Time-to-Adoption Horizon: Four to Five Years
While the capability to deliver augmented reality experiences has been around for decades, it is only very recently that those experiences have become easy and portable. Advances in mobile devices as well as in the different technologies that combine the real world with virtual information have led to augmented reality applications that are as near to hand as any other application on a laptop or a smart phone. New uses for augmented reality are being explored and new experiments undertaken now that it is easy to do so. Emerging augmented reality tools to date have been mainly designed for marketing, social purposes, amusement, or location-based information, but new ones continue to appear as the technology becomes more popular. Augmented reality has become simple, and is now poised to enter the mainstream in the consumer sector.
The concept of blending (augmenting) virtual data — information, rich media, and even live action — with what we see in the real world, for the purpose of enhancing the information we can perceive with our senses is a powerful one. The first applications of augmented reality (AR) appeared in the late 1960s and 1970s. By the 1990s, augmented reality was being put to use by a number of major companies for visualization, training, and other purposes. Now, the technologies that make augmented reality possible are powerful and compact enough to deliver AR experiences to personal computers and mobile devices. Early mobile applications began to appear in 2008, and several augmented reality mapping and social tools are now on the market.
Wireless applications are increasingly driving this technology into the mobile space where they offer a great deal of promise. Initially, AR required unwieldy headsets and kept users largely tethered to their desktop computers. The camera and screen embedded in smart phones and other mobile devices now serve as the means to combine real world data with virtual data; using GPS capability, image recognition, and a compass, AR applications can pinpoint where the mobile’s camera is pointing and overlay relevant information at appropriate points on the screen.
Augmented reality applications can either be marker-based, which means that the camera must perceive a specific visual cue in order for the software to call up the correct information, or markerless. Markerless applications use positional data, such as a mobile’s GPS and compass, or image recognition, where input to the camera is compared against a library of images to find a match. Markerless applications have wider applicability since they function anywhere without the need for special labeling or supplemental reference points.
Currently, many augmented reality efforts are focused on entertainment and marketing, but these will spill into other areas as the technology matures and becomes even more simplified. Layar (http://layar.com) has been a leader in this space with AR applications for Android and iPhones. Layar’s mobile application features content layers that may include ratings, reviews, advertising, or other such information to assist consumers on location in shopping or dining areas. Other mobile applications that make use of AR for social or commercial purposes include Yelp, another review and rating service; Wikitude, which overlays information from Wikipedia and other sources onto a view of the real world; and a handful of Twitter clients. The mobile media company Ogmento develops AR games for mobiles.
The improvement in technology allows more streamlined approaches and wider user adoption. Market projections for augmented reality on mobile devices predict revenues of $2 million in 2010, rising to several hundred million by 2014 ($350 million, according to ABI Research; Juniper Research’s projections are even higher). Augmented reality is already entering the mainstream in the consumer sector, and the social, gaming, and location-based applications that are emerging point to a strong potential for educational applications in the next few years.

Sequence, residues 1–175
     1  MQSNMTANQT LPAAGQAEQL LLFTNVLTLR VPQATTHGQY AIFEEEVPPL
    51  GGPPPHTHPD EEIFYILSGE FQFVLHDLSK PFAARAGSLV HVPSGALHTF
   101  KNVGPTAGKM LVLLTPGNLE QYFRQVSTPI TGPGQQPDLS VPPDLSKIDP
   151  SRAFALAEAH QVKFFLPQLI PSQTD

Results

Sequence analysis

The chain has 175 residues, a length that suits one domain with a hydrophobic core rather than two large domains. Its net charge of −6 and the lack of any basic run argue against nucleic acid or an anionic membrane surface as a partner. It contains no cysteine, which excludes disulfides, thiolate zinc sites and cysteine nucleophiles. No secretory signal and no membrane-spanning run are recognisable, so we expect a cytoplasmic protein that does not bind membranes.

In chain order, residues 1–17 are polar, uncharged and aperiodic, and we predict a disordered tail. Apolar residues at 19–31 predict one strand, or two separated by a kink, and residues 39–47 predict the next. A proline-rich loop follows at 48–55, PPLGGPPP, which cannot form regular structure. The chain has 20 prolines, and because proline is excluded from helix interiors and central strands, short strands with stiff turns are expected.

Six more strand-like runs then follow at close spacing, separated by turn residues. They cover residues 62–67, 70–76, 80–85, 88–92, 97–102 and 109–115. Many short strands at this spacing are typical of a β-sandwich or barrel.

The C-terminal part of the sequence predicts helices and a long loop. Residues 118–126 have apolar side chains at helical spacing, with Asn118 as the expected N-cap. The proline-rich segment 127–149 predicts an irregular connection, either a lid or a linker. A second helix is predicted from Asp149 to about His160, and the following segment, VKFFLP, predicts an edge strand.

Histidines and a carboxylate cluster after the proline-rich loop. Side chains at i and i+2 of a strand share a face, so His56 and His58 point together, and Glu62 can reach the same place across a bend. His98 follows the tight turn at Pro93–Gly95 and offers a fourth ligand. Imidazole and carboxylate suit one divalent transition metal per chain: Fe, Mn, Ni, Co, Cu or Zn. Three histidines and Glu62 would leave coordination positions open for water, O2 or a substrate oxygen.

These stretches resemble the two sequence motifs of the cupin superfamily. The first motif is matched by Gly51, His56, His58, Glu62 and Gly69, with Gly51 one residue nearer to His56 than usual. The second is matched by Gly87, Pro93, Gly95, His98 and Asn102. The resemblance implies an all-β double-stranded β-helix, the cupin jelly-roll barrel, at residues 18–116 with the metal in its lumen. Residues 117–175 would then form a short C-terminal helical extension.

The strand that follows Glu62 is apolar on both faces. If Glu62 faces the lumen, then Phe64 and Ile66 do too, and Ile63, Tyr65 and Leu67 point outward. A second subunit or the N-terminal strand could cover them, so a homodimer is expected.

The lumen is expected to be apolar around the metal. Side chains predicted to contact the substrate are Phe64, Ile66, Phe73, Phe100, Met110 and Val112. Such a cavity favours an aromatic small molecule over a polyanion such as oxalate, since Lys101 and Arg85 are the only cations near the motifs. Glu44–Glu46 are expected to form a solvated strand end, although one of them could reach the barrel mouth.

Relevance for Teaching, Learning, or Creative Expression
Emerging augmented reality tools to date have begun to overlay marketing, amusement, and location-based information over real-time video, and new applications continue to appear as the technology becomes more popular. Tools that illustrate how learning applications might overlay information over a video image of an historical site, or an artifact in a museum can already be found.
Augmented reality has strong potential to provide both powerful, contextual, in situ learning experiences and serendipitous exploration and discovery of the connected nature of information in the real world. Most of the activity happening in this area is taking place in universities, but the work going on there can easily be transferred to K-12 settings. (Augmented reality also appears in the university-focused 2010 Horizon Report, where it was placed on the mid-term horizon to reflect its more rapid adoption at the college level.)
Applications that convey information about a place open the door to discovery-based learning. Students on field trips to historic sites can access AR applications that overlay maps and information about how the location looked at different points of history. An application currently in development by the EU-funded iTacitus project (http://itacitus.org/) will allow visitors to pan across a location — the Coliseum, say — and see what it looked like during an historical event, complete with cheering spectators and competing athletes. SREngine, another augmented reality application in development, will use object recognition to display information about everyday things one encounters in the real world — describing the use of different pieces of equipment in a dentist’s office, for instance, or identifying trees on a nature walk.